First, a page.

The Book of Sarah embraces God & Todd

By Jason Horowitz and Michael D. Shear
Washington Post Staff Writers
Tuesday, November 17, 2009

Is there anything America doesn't already know about Sarah Palin's memoir?

Surprisingly, yes.

A publicity juggernaut leaking news about campaign infighting and media bashing has distracted from the author's most revealing passages, which dwell on God, Todd and dominion over animals.

It's an Alaskan frontierswoman's trinity that comes into view in the earliest pages of "Going Rogue: An American Life," which The Washington Post purchased a day before the official sale date planned by publisher HarperCollins. Right away, Palin posits her faith as the pillar of her career, as if her successes have unfolded according to a grand divine plan. Her selection as McCain's running mate was a "natural progression," she writes in one section. "I don't believe in coincidences," she writes in another.

Palin writes that her family arrived in the remote Alaskan frontier town of Skagway six days after an earthquake had struck the state on Good Friday, and describes the northern lights as "shimmering like the hem of Heaven." She says that during Bible camp in a place called Big Lake one summer, she made the decision to "put my life in my Creator's hands and trust Him as I sought my life's path," and that when a nun taught her how to write the letter E, it "seemed a naked letter to me so I was determined to reinvent it." (She "improved it with at least a few more horizontal lines," she writes.) She loved to read "anything by C.S. Lewis."

She movingly asks "Why, God? Why?" when her doctor informs her of her miscarriage by saying "there's nothing alive in there." To tell her children that their brother will be born with disabilities, she pens a letter in the voice of "Trig's Creator, Your Heavenly Father."

That zeal carries through to the 2008 campaign, when she relates that she took a call from Pastor Rick Warren while she was showering. He offered to pray with her. "I said, absolutely! Pray away!" Palin writes. "I would never turn down prayer even with limited hours in a campaign day, standing in a few inches of water with a shower curtain for a wardrobe. You do what you've got to do."

The two most powerful forces in Palin's life converged as she sat in her high school gym and first put eyes on Todd Palin.

"I actually whispered, 'Thank you, God,' " confides Palin.

She writes that she really knew that he was the one for her when "he told me he had become a Christian and had been baptized at a sports camp."

But Palin also shares how Todd was rather uncharitable toward her when he told his locker-room buddies that Sarah "didn't even know how to kiss."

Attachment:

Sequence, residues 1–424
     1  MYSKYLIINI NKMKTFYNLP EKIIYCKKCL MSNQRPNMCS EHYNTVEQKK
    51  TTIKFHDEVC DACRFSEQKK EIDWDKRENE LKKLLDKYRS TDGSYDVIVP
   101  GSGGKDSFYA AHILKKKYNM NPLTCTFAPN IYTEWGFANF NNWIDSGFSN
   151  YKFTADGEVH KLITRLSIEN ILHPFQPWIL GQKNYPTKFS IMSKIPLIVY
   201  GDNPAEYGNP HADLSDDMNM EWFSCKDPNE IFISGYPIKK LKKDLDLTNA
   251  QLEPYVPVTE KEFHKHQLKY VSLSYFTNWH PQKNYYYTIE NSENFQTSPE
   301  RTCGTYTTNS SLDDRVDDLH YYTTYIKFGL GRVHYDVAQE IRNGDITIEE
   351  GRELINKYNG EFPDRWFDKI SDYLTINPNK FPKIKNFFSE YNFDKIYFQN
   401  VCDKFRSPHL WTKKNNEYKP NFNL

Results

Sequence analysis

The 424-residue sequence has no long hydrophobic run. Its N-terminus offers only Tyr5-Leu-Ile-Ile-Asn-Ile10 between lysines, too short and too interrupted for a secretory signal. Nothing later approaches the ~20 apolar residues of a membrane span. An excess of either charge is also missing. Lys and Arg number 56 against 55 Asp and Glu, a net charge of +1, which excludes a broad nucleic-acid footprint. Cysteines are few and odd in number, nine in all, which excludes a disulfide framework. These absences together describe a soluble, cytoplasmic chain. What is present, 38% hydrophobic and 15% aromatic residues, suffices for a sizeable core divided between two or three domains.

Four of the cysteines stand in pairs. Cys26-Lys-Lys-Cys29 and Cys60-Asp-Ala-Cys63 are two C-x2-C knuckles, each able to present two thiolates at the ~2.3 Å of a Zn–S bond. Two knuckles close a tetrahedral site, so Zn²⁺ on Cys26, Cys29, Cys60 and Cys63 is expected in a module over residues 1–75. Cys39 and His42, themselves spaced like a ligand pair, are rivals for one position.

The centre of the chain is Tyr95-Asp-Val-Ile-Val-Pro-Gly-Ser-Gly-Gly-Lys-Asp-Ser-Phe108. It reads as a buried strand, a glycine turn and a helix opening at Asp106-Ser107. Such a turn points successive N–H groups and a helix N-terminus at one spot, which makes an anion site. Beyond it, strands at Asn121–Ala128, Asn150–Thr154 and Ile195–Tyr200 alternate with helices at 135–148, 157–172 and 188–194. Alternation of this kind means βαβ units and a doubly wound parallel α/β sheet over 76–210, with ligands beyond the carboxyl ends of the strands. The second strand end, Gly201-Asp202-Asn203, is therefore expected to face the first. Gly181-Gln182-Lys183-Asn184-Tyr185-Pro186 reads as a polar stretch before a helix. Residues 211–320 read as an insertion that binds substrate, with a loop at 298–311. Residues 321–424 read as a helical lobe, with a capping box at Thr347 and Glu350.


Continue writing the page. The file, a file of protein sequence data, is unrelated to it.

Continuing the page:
"My young, crushed spirit learned a lesson about guys that day: even the good ones can act like jerks," she writes.

Todd's good attributes made up for his shortcomings then, as they apparently still do today. "That day in sunny Texas when divorce rumors were rampant in the tabloids, I watched Todd, tanned and shirtless, take the baby from my arms and walk him back to the ranch house so Trig could nap while I made calls," she writes. "Seeing Todd's blue eyes smiling, I chuckled.

"Dang, I thought. Divorce Todd? Have you seen Todd?"

Palin asserts herself as a woman of appetites. "I love meat," Palin writes. "I eat pork chops, thick bacon burgers, and the seared fatty edges of a medium-well-done steak. But I especially love moose and caribou. I always remind people from outside our state that there's plenty of room for all Alaska's animals -- right next to the mashed potatoes." She includes a color photo of her with her left foot on a caribou that "I just shot. It may not look like a trophy but it's good eating."

The author frequently demonstrates that she has never been squeamish. In one photo, she stands, as little girl, beside another dead caribou tied to a car. In a photo on the same page, her father demonstrates to little Sarah and other preschool friends how to skin a harbor seal. (In the caption to the photo, there is a careful clarification that this was before the Marine Mammal Protection Act of 1972 banned the practice, and "Grandma Sheeran sewed coats and mittens for us out of the hides.")

In another section, Palin writes about the time her father took her on an early weekday hunting expedition, during which he killed and field-dressed a moose.

"Here, hold these," he said, in her account. "I want to show them to my science class today."

"I looked down to see the moose's eyeballs lying in his palm, still warm from the critter's head," she writes, adding later, "I had my limits."

© 2009 The Washington Post Company